Namibia Turns Down Troop Request

The Namibian government has turned down a request by the United Nations to send soldiers to the Central African Republic (CAR), where unrest continues to wreak havoc.

This was confirmed by Defence Minister Nahas Angula yesterday, who explained that the country has no capacity currently to participate in peace enforcement missions – which require the application of military force.

“We have assessed the UN request and came to the conclusion that we do not have capacity to militarily intervene in that conflict,” Angula told New Era.

“Currently we only have the capacity to participate in peacekeeping missions, but not peace enforcement,” the former prime minister said.

Unlike peace enforcement where military force is required, peacekeeping missions consist of military, police and civilian personnel, who work to deliver security, political and early peacebuilding support.

The UN Security Council, the only body authorised to enforce peace enforcement, had requested Namibia in May for soldiers to be sent to CAR.

President Hifikepunye Pohamba, the commander-in-chief of the Namibian Defence Force, has been studying the request – with the help of the country’s top military men.

“We have decided against it and the Ministry of Foreign Affairs has been tasked to communicate our position to the UN,” Angula said.

Last week alone, at least 45 people were killed and scores wounded in new violence and reprisal attacks in and around Bambari in CAR, according to the UN High Commission for Refugees (UNHCR).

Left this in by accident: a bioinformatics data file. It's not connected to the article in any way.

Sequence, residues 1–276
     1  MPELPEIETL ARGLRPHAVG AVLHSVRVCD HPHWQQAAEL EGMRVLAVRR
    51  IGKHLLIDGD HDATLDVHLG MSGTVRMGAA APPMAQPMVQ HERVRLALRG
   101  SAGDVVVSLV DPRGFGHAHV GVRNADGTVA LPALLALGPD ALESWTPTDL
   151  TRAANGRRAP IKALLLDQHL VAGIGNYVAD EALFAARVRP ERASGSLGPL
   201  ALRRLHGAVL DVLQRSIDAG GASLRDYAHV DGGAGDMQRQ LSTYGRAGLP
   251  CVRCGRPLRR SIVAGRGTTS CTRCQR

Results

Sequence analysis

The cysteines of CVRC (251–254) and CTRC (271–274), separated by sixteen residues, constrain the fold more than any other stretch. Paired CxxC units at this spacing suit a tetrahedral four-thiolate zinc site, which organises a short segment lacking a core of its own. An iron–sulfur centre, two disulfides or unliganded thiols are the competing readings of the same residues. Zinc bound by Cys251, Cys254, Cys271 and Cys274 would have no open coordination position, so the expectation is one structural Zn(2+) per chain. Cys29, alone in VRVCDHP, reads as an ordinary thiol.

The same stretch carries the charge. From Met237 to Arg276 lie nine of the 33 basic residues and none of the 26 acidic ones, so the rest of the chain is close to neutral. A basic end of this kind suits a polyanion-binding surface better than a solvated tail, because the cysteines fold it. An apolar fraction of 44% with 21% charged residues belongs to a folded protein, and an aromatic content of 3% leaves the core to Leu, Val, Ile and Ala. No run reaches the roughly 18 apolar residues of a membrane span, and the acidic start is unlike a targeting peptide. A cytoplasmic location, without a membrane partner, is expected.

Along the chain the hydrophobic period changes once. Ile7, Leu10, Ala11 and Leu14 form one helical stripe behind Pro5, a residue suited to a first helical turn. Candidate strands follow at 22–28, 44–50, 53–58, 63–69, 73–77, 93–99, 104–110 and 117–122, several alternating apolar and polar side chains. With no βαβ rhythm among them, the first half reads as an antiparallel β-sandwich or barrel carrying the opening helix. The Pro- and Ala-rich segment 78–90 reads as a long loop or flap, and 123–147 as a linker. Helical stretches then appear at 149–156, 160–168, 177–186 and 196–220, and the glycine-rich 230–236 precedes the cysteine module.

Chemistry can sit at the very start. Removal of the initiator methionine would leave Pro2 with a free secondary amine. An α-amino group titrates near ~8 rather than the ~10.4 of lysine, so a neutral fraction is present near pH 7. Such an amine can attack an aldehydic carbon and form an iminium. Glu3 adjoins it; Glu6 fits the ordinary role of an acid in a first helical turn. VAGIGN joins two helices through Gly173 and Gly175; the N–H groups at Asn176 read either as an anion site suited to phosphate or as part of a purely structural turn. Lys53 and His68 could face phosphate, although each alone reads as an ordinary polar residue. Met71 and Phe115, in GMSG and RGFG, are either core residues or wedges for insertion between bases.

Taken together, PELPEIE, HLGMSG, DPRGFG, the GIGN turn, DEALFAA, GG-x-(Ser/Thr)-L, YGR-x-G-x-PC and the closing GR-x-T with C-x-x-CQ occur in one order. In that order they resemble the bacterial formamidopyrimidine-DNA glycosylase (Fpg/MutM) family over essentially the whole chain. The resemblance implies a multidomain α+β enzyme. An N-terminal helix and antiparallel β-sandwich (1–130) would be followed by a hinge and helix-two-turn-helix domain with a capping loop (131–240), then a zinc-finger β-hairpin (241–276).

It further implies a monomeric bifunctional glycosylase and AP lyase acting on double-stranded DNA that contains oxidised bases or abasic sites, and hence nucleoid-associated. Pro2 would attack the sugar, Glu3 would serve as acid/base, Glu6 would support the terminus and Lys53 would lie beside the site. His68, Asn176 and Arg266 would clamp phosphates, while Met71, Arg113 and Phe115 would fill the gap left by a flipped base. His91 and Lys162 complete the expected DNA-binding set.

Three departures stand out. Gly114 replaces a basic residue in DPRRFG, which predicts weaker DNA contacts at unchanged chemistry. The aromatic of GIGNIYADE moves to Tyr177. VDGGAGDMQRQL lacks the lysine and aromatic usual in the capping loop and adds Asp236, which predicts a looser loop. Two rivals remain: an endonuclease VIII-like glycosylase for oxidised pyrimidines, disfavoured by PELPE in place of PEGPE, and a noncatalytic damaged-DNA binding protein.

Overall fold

“The troubles resulted in thousands more people fleeing to displacement sites around the town, which lies some 380 kilometres northeast of the capital Bangui,” the UNHCR said in a statement last Friday.

The violence began early on Monday last week when armed elements attacked a camp just south of Bambari, housing Muslims from the Peul ethnic group. The attack prompted retaliation inside Bambari against other armed elements and the civilian population, local officials say.

UNHCR staff in CAR say that by Wednesday Bambari had been reduced to a ghost city. Christian neighbourhoods have been emptied of residents from previous fighting, while displacement sites are packed with people struggling to get by amid the rainy season.

Namibia’s most prominent military intervention was when former President Sam Nujoma sent troops to the Democratic Republic of Congo, whose president at the time, Laurent Kabila, held onto power by his fingernails because of a rebel onslaught.

Namibia has since been involved in several UN peacekeeping missions in other countries.

During his visit to Namibia last week, UN Secretary General Ban Ki-moon said civil strife – which is often a result of terrorism and military coups – is a result of governments not accommodating the aspirations of their people. He urged the formulation of policies that are inclusive of the entire country.

The UN chief added that when citizens are not happy with government policies, grievances and discontent are the end result, which creates room and breeding ground for terrorism, something he said all governments should guard against.

“We have seen in some countries that people’s aspirations have not been met by leaders, resulting in the unconstitutional overthrow of governments,” he said.

In CAR, violence erupted after predominantly Muslim Seleka rebels seized power in the majority-Christian former French colony in March 2013.

Source : New Era